Philanthropists and governments have long used prizes to drive innovation and engagement to produce societal benefit, but the use of this powerful instrument is undergoing a renaissance. Philanthropic prizes are growing in number and size, are appearing in new forms, and are being applied to a wider range of societal objectives by a wider range of sponsors than ever before. Not all of the growth has been positive, however, as the many overlapping prizes and growing clutter of the sector attests. In response, current and potential participants are asking when they should use prizes and how they can develop and deliver effective ones.
This report addresses these questions by drawing on academic literature, interviews with analysts and practitioners, surveys of prize sponsors and competitors, databases of small and large awards, and case studies of 12 effective prizes to produce lessons from a range of sectors, goals, and prize types. It aims to help improve current prizes and stimulate effective future use by developing a number of simple frameworks and compiling useful lessons for sponsors. While targeting the philanthropic sponsor, we believe these perspectives will also be helpful to governments and corporations considering prizes.
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Our research found that prizes are a unique and powerful tool that should be in the basic toolkit of many of today’s philanthropists. Their recent renaissance is largely due to a new appreciation for the multiple ways in which they can produce change: not only by identifying new levels of excellence and by encouraging specific innovations, but also by changing wider perceptions, improving the performance of communities of problem-solvers, building the skills of individuals, and mobilizing new talent or capital. These change drivers give prize sponsors compelling opportunities to use the open, competitive, and media-friendly attributes of prizes to stimulate attention and drive innovation in a highly leveraged and result-focused way. Recent prize growth is reinforced by powerful external trends such as the arrival of new philanthropic wealth, different attitudes to shifting risk, interest in open source approaches, and an increasingly networked, media-driven, and technology-intensive world. We believe that the outlook for prizes is particularly strong because of the increased interest of philanthropists and the emergence of an industry of prize facilitators that is driving improvements in prize economics and improved practices for managing execution challenges and risks.
Designing and delivering successful prizes is hard work, but a number of promising practices have begun to emerge. First of all, prizes are best used when a philanthropist can match a clear goal with a relatively large number of potential solvers who are willing to absorb some risk, criteria that cover a range of common philanthropic challenges. Then, good prizes will start with a clearly-defined aspiration for societal benefit, which can be translated into specific prize objectives that are significant, motivational, actionable, results-focused, and time-bound. The strategy for achieving these objectives will employ one of at least six prize archetypes, each of which uses a different combination of levers to change problem-solvers’ behavior. A good prize will then invest significant resources in its design, specifying the competitor pool, rules, and award attributes that will reinforce the strategy. An effective prize process is at least as important as prize design, reinforcing the strategy as it attracts candidates, manages the competition, celebrates winners, and publicizes the effort. Finally, a good sponsor will invest significant resources in post-prize activities that convert the award’s result into longer-term societal impact.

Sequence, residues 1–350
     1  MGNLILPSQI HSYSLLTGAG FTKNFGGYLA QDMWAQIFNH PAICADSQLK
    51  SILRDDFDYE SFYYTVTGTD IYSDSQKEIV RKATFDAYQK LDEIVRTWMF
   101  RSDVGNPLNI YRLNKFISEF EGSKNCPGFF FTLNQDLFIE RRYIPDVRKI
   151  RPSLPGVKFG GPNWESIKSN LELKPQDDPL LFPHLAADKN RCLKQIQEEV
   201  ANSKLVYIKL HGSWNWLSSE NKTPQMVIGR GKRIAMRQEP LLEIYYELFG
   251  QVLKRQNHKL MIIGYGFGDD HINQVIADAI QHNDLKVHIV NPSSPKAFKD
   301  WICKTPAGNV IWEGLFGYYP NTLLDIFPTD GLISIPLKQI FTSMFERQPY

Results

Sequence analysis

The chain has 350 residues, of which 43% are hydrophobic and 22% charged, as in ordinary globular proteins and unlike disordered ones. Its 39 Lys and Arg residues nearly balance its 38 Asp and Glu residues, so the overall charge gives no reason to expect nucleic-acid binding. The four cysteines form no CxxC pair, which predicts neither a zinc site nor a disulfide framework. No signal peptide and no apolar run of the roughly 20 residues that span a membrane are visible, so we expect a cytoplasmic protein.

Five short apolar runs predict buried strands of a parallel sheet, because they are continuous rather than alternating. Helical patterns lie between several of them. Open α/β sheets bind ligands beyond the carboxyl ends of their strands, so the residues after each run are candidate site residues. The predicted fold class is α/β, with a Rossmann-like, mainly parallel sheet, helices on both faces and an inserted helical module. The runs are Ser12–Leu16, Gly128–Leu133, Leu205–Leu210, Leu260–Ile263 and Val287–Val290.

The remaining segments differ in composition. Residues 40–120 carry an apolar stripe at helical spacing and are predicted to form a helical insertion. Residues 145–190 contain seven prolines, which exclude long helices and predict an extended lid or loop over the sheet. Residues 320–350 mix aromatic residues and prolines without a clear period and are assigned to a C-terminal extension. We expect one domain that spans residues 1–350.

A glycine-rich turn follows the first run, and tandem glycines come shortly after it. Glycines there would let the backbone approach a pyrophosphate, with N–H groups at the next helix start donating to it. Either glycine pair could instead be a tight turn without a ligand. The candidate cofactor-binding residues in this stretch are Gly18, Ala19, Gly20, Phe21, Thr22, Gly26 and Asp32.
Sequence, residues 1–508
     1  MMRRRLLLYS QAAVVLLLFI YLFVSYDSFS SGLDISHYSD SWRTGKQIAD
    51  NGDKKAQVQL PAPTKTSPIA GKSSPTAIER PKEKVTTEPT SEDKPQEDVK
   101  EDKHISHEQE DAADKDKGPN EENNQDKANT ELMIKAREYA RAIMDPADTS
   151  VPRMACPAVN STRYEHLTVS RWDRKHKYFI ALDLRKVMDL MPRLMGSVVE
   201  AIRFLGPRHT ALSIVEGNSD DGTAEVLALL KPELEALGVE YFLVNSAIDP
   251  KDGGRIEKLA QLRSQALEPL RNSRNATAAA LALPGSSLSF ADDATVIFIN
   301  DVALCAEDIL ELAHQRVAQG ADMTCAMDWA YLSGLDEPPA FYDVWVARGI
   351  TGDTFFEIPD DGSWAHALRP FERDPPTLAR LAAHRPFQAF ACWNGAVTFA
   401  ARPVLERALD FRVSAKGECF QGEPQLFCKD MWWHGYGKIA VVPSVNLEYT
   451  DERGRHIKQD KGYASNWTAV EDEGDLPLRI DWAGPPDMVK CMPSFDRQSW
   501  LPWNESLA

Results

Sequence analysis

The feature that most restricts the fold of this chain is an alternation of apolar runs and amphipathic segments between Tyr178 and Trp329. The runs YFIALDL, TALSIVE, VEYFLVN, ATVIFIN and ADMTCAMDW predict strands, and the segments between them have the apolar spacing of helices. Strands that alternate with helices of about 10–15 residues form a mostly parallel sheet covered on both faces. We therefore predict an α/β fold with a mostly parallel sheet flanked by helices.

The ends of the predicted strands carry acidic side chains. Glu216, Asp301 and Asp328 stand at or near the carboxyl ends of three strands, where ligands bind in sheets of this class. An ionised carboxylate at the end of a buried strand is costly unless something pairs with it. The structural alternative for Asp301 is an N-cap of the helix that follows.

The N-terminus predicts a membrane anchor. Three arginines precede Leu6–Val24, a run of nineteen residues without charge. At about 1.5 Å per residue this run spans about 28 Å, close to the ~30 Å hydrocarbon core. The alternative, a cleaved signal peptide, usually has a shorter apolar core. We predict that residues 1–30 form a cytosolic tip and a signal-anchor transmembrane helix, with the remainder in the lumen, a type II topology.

Using prizes to spur innovation
We look forward to continued growth in prize use and further evolution of best practices. We anticipate the continued development of a global “prize industry” that will professionalize the management and support of prizes and make prizes more accessible to organizations with relatively small resources. We expect to see new ways to stimulate and allow collaboration among competitors, better vehicles for funneling developmental capital to competitors, more investment in prize development, and more creative collaboration between the social, private, and public sectors. And we believe that we will continue to see the emergence of new, creative prize types and change levers. In order to facilitate this growth and evolution, we also hope to see continued investment in understanding the field: sector conferences to share best practices and address common challenges, academic research into the underlying economics of prizes and the interplay between competition, innovation, and collaboration, and philanthropic investment in the nascent industry.
A prize is an old idea that remains surprisingly powerful today. We believe that leading philanthropists should consider how they can best use prizes as part of their philanthropic portfolio, and should accept the challenge of finding innovative ways to harness the potential of this powerful instrument.
Download the full report on which this article is based, “And the winner is...”: Philanthropists and governments make prizes count (PDF–3.7MB).